Thursday, October 29, 2009

Tuesday I wrote about the flu starting to sweep through our school. By the 3:08 bell, it had made its way through enough students to bring our school to close for the remainder of the week. While 3 days off is enjoyable in some ways, I worry about many things with this closure.

Of course, the most obvious is the well-being of students and staff who become ill. While the H1N1 flu seems to be not as serious as once thought, it has the potential to take young lives. On a personal note, I worry about my own 6 month old granddaughter. With me bringing home germs from students at school I am in constant contact with, I fear she is exposed to more than her share of germies.

Another facet of worry is how will we continue to meet the needs of students who are gone for extended periods of time. Retention of material taught is always a concern but with large unplanned gaps such as this, I know my students will struggle picking up where we left off without some back tracking. It isn't so much that I mind the review of skills and material as it all becomes a time game.

With President Obama's decree of the flu being a national emergency, speculation over whether or not we will have to make up time missed is still being bounced around. We have 30 hours built in for snowdays so assuming these 3 days are all we miss, with minimal true snow days, we will still meet our annual attendance requirements. That all seems unlikely with this wave of flu hitting so early, and the weather service predicted a wetter than average winter.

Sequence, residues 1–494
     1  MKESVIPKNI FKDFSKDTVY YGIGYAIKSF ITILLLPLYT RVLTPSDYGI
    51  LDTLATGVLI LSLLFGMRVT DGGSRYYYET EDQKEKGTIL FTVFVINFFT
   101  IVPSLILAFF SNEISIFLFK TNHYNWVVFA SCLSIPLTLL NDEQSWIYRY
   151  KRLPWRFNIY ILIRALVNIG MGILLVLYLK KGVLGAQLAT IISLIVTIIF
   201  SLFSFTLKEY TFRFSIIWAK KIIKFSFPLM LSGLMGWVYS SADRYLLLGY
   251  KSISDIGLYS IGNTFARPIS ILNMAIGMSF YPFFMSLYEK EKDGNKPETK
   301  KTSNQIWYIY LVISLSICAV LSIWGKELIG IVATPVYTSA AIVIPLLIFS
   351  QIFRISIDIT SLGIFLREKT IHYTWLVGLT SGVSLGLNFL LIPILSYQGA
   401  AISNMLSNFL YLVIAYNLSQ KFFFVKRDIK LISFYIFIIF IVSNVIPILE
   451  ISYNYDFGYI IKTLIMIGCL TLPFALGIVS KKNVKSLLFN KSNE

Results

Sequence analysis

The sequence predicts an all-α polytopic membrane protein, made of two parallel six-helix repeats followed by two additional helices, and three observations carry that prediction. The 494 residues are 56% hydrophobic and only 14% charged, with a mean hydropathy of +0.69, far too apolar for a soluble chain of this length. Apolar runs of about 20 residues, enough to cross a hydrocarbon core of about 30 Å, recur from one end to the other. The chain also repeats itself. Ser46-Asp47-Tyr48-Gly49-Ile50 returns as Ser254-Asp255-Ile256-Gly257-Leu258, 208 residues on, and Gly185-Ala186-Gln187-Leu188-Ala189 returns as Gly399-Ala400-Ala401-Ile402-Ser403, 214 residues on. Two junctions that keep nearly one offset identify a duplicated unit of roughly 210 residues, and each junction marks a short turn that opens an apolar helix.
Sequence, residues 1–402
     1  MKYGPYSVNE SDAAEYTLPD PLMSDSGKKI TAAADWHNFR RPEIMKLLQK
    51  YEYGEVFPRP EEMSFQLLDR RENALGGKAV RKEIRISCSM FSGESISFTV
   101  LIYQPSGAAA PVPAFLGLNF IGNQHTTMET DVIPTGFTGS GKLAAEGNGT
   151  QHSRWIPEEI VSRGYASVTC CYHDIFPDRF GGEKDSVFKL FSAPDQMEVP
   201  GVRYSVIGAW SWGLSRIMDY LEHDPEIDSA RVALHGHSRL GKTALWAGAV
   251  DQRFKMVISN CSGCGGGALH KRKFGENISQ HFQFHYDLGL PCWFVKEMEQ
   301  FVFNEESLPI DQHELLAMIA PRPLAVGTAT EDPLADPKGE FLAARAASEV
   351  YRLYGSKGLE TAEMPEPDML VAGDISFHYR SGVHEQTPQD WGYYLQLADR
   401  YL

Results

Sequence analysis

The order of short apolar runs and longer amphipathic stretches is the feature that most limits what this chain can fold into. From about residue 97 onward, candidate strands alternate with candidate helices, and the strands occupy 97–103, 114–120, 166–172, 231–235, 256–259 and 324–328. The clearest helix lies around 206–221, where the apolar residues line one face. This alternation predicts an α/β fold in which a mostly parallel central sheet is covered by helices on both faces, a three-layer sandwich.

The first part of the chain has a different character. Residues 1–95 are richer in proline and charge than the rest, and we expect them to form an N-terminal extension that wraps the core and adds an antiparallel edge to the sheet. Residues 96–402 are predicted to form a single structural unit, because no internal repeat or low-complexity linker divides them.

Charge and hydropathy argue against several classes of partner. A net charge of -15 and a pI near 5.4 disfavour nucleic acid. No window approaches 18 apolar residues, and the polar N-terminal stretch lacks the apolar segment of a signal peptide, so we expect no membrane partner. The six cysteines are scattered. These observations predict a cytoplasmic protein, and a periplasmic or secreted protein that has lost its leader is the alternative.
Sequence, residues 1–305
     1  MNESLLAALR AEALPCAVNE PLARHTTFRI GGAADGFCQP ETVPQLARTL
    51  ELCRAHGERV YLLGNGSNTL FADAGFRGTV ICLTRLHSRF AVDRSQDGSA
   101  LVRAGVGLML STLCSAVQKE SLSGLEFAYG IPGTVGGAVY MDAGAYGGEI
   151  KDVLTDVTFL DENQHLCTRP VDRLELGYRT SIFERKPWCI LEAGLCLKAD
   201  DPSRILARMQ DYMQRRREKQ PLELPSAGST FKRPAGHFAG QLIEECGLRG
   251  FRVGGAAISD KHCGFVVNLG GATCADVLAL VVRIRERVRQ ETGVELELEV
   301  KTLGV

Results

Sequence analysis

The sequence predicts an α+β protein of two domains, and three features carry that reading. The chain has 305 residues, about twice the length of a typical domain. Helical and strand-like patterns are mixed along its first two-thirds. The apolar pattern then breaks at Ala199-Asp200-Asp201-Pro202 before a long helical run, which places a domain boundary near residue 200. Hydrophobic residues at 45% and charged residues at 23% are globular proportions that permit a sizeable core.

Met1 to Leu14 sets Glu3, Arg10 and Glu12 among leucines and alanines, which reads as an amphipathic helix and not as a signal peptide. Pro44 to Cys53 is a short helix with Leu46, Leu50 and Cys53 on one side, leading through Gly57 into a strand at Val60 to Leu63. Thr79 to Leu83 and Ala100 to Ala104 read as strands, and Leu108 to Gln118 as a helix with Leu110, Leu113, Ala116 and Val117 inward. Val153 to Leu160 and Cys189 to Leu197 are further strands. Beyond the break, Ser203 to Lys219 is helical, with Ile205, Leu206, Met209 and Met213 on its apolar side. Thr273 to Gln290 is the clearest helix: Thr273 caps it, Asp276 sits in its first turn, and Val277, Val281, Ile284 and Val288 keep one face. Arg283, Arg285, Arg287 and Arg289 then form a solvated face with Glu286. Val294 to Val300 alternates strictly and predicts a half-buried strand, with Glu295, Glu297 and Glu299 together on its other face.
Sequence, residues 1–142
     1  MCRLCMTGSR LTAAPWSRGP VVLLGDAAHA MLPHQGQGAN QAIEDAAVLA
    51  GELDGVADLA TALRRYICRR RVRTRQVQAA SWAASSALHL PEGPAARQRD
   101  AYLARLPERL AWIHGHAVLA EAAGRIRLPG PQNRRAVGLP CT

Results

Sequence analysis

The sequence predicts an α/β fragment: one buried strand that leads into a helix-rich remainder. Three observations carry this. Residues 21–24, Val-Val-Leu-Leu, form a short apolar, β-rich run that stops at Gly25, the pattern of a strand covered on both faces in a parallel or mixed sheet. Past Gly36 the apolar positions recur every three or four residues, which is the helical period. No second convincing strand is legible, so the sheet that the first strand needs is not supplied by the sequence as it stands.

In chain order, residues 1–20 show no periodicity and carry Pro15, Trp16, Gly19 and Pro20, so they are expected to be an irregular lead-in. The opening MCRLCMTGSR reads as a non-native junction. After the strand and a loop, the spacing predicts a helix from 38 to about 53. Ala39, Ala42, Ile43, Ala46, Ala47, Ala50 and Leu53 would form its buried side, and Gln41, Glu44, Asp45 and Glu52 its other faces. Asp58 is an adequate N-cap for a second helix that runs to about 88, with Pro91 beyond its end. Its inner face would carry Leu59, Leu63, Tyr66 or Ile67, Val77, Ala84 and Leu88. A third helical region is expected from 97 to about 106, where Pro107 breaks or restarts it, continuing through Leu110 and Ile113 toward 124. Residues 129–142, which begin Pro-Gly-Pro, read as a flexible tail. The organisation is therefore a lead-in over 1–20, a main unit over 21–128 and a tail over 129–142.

If we make the days up, covering the material is simple in theory. However, if we do not make the days up, we will be forced to choose between not covering as much material or zooming through it quicker to get to everything in the time span alloted. Neither is a perfect solution. I find it difficult to adequately cover everything as it is! Given the choice between depth and breadth of curriculum, I always choose depth, even at the risk of not getting to everything.

Monday will find us back in the classroom, hopefully. Sniffling, coughing, sneezing students all grouped back together, sharing germs, waiting for the next tsunami of illness to hit shore!

Tuesday, October 27, 2009

Today's posts will be random ramblings, so be forewarned!